FOOD SERVICES IN LONG-TERM CARE HOMES ARE ASSOCIATED WITH RESIDENTS’ FOOD INTAKE
C. Lagacé, N. Carrier, L. Villalon, C. Lengyel, S.E. Slaughter, J.M. Morrison, H. Keller
Jour Nursing Home Res 2018;4:56-63
Background: Food and nutrient intake of Canadian long-term care residents is commonly inadequate. Factors influencing resident food intake and nutritional quality of menus are numerous and those related to food service are often poorly investigated. Objective: To: a) describe food service characteristics of diverse Canadian long-term care homes, b) determine if there are provincial differences in these characteristics, c) determine the association between these characteristics and food intake of residents, and d) determine the association between these characteristics and the nutritional quality of the menus. Design: A cross-sectional study. Setting: Thirty-two long-term care homes in four Canadian provinces (Alberta, Manitoba, New Brunswick and Ontario). Participants: 639 residents. Measurements: Food service operations were reported by home administrators using a standardized questionnaire and summarized by province for analysis. Resident food intake was assessed by weighing and observing intake over three non-consecutive days including one weekend day. Absolute mean energy and protein intake per resident was used in analyses, as well as the nutritional quality of the diet (iMAR). Menus (regular and pureed) were analyzed for nutrient content and compared to the Dietary Reference Intakes to determine the menu Mean Adequacy Ratio (mMAR), a score that summarizes the nutrient quality. Results: Daily energy and protein intake as well as iMAR were not significantly different across provinces. The timing of the biggest meal of the day, the proportion of commercially prepared food and the mMAR score were the only food service variables significantly different between provinces. Homes who reviewed their menus in the past six months (72%), was positively associated with participant’s energy (β=23.0; p=0.02) and protein intake (β=3.1; p=0.03). Food production system was associated with pureed menu mMAR score (F=5.46; p=0.01). Supper as the biggest meal of the day (67.7 %), was negatively associated with participants’ protein intake (β=-16.73; p=0.02) while the pureed menu mMAR score was positively associated with the iMAR score (β=0.61; p=0.01).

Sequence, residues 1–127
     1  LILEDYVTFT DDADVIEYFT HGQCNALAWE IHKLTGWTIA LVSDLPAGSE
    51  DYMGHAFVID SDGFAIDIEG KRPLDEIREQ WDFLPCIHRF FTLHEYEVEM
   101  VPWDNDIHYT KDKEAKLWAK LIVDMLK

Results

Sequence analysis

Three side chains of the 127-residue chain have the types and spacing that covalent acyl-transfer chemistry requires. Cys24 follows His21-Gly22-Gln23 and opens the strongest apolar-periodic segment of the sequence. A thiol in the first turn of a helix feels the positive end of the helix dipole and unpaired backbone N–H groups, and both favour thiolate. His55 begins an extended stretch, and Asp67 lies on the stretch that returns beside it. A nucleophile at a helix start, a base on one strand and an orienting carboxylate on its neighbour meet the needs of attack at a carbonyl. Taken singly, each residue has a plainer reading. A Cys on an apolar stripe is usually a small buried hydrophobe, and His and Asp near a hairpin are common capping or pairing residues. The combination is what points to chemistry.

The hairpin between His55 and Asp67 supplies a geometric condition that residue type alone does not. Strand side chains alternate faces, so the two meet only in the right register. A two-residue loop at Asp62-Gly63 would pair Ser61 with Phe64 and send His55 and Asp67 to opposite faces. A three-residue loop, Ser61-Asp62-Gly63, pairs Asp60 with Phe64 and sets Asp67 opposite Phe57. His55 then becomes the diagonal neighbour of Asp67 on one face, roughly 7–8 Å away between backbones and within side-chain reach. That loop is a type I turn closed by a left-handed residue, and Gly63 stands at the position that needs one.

Conclusion: To promote sufficient intake, effort is needed to ensure menus meet dietary requirements. Most homes provided the largest meal of the day in the evening and this practice appears to lead to lower protein intake. Relatively few food service variables analysed were associated with resident intake, suggesting that others factors (i.e., resident attributes, mealtime environment, etc.) should also be considered.
C. Lagacé ; N. Carrier ; L. Villalon ; C. Lengyel ; S.E. Slaughter ; J.M. Morrison ; H. Keller (2018): Food services in long-term care homes are associated with residents’ food intake. The Journal of Nursing Home Research Science (JNHRS). http://dx.doi.org/10.14283/jnhrs.2018.11